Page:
Page 1285 - Week 04 - Thursday, 10 April 2008

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robust; that is the role of an opposition. Nevertheless, I think it would be fair to say that the system does work well.

The amendment moved by Mr Seselja seems to suggest that this function of an ethics and integrity adviser should be established by way of legislation. That is not a proposal that the government would support, and the reason for that is that I do not think we need to go through the process of establishing a statutory framework for this service to be made available to members. There is a range of services that are made available to members. They do not need to be established by a statute—they can, instead, simply be provided for by an order of the Assembly—and I really fail to see what this process would add to the framework that Mr Berry has already outlined. He has outlined the role of the ethics adviser, the manner in which they will conduct their duties and the manner of their appointment and dismissal. Mr Berry has outlined all of these things already.

An order of the Assembly, I would have thought, would be sufficient for this new position to be created. It does not need, necessarily, to have statutory status to be an effective and workable arrangement. At the end of the day, what we are saying is that members should have open to them the ability to seek advice from somebody who is engaged by the Assembly but who is clearly independent, who does not have an affiliation to any particular member or party in this place but has expertise in giving guidance to individuals when they face particular ethical dilemmas or problems, and I think this is a very sensible way to proceed. So the government will not support the amendment. I fail to see what this will add to the process. An order of the Assembly should be sufficient, and the government will be supporting Mr Berry’s motion.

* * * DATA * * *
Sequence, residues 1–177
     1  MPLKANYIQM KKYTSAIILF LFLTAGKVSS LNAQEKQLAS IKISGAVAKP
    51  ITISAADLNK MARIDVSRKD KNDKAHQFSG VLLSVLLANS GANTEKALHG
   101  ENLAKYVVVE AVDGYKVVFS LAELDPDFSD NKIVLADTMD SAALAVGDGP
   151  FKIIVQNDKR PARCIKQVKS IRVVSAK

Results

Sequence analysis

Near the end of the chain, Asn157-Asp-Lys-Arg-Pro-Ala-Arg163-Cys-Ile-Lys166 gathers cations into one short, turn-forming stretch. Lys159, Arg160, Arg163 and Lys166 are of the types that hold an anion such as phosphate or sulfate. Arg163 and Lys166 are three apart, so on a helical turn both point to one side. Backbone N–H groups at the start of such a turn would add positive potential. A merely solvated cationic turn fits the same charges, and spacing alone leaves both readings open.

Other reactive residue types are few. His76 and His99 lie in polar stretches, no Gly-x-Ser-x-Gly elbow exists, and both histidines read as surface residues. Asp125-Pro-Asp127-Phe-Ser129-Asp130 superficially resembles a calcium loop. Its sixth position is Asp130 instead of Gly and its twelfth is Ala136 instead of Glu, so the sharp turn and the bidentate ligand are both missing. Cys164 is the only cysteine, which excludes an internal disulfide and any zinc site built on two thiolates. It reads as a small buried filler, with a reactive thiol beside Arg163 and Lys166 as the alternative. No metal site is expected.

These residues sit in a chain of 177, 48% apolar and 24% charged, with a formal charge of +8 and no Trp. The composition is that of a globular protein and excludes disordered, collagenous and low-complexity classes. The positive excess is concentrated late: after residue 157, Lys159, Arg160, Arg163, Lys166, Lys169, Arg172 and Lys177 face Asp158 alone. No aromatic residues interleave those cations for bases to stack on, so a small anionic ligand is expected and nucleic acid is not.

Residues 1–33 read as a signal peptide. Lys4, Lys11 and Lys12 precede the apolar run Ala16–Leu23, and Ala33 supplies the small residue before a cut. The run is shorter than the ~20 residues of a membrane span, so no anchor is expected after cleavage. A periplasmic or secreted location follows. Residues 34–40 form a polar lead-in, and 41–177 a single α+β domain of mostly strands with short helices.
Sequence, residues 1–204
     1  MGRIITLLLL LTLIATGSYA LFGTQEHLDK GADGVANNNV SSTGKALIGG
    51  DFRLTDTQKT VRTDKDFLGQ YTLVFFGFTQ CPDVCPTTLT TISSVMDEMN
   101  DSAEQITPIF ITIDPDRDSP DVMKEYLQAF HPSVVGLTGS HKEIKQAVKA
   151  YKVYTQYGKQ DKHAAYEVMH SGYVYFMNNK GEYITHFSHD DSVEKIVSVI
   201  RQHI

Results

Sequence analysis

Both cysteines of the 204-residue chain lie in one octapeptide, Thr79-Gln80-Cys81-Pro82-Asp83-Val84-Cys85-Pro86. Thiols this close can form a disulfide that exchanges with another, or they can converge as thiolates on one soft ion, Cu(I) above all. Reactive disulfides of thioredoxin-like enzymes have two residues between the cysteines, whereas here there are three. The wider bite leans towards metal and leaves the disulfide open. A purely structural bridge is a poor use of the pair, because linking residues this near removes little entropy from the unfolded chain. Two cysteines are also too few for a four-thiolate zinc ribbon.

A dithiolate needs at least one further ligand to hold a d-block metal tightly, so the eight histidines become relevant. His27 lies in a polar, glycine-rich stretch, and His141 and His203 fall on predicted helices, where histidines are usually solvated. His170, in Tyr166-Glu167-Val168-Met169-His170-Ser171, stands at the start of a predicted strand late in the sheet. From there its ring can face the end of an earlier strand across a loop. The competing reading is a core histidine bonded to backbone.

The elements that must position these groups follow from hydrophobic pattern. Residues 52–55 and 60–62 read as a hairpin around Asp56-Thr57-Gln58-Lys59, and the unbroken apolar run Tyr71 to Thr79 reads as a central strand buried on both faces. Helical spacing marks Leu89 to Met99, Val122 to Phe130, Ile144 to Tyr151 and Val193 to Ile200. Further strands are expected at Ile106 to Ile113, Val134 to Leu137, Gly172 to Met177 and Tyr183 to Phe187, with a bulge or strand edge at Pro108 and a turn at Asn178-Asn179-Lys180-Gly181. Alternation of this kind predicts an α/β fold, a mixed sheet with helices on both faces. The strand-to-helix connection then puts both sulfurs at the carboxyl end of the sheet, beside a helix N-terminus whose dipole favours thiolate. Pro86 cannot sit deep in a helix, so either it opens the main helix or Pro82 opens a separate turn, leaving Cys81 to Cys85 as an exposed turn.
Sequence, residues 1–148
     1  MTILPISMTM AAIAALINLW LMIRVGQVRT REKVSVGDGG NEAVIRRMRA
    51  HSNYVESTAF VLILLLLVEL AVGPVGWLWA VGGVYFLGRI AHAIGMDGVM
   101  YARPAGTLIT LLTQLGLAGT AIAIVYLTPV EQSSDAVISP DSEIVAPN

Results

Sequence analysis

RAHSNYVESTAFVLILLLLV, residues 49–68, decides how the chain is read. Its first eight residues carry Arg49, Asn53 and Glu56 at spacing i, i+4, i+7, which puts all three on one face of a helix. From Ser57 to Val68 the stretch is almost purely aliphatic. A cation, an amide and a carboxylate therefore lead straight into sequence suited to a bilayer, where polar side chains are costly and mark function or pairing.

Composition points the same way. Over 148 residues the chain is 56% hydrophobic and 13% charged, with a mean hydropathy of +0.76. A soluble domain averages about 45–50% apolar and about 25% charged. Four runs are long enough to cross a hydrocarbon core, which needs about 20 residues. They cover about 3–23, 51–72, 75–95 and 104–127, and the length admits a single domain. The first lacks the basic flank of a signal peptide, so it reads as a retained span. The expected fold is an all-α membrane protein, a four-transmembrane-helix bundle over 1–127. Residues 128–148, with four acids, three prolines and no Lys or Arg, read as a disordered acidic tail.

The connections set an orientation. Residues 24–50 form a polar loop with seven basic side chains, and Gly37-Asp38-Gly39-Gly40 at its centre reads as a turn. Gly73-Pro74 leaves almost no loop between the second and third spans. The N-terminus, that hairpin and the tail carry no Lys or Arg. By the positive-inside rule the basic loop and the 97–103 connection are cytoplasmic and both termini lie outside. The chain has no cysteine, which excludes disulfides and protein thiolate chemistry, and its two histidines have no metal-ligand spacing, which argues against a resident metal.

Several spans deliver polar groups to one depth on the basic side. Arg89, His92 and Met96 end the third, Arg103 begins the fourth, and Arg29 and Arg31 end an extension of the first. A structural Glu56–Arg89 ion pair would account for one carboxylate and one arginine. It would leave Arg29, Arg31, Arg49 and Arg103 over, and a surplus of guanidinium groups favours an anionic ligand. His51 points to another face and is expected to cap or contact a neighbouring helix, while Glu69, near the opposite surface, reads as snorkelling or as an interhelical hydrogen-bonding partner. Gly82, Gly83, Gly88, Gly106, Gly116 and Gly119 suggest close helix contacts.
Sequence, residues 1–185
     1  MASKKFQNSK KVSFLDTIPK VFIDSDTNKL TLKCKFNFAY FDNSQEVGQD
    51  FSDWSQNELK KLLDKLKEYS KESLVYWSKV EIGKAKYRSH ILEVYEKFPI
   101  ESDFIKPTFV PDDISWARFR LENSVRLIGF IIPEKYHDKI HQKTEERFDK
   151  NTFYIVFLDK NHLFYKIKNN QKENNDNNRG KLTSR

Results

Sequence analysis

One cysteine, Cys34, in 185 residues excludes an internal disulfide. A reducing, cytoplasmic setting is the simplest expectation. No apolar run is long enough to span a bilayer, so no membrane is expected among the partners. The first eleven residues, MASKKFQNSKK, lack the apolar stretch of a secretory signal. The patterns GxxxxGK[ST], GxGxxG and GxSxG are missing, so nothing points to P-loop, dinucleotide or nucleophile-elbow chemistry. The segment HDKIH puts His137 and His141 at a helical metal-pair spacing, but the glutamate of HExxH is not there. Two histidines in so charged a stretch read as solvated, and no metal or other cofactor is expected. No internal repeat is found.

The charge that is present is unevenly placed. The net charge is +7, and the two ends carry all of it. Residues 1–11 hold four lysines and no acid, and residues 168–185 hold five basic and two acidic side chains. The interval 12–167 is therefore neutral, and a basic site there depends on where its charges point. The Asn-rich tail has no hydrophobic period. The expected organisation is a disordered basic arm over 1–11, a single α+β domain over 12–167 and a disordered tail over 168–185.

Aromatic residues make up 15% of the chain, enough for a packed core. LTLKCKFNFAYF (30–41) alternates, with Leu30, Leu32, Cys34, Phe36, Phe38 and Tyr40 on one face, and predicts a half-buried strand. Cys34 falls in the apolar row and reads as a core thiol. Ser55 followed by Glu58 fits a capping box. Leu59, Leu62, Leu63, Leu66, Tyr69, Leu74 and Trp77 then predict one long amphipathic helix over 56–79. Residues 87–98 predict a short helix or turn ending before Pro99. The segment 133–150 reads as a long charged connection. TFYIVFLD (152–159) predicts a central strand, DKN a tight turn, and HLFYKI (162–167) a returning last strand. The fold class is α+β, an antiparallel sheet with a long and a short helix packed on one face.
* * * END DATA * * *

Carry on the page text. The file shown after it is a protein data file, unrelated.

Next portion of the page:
MR MULCAHY (Molonglo) (12.04): Speaking to the amendment, I think the function is reasonably clear from Mr Berry’s proposal and I am not sure that the amendment brings anything to the table that is not adequately covered. I think the second part of the amendment, which asks the Assembly to detail how the ethics and integrity adviser might conduct his or her duties, is overly prescriptive. The manner of appointment and dismissal is clearly dealt with under paragraph 8 in terms of removal from office and under paragraph 7 which clearly vests the responsibility for this in the hands of the Speaker.

The matter of remuneration or the nature of that remuneration will be influenced by the fact that it is a part-time position. These were issues canvassed in the admin and procedure committee, and Mr Seselja’s party is represented there by Mrs Burke, so I am not sure why that has arisen now. Remuneration Tribunal fees are set for various people holding part-time office that would be comparable and I am sure would serve as a guide to the Speaker. So I will not be voting for this amendment because I do not think it brings much to the table. I think the motion as originally presented by Mr Berry encapsulates all that is required without it being overly prescriptive, which I think in some ways may lessen the capacity of the individual who is appointed to the role.

MADAM ASSISTANT SPEAKER (Mrs Dunne): Order! For the information of members, the members in the gallery are members of the parliamentary prayer network. Welcome to the Legislative Assembly.

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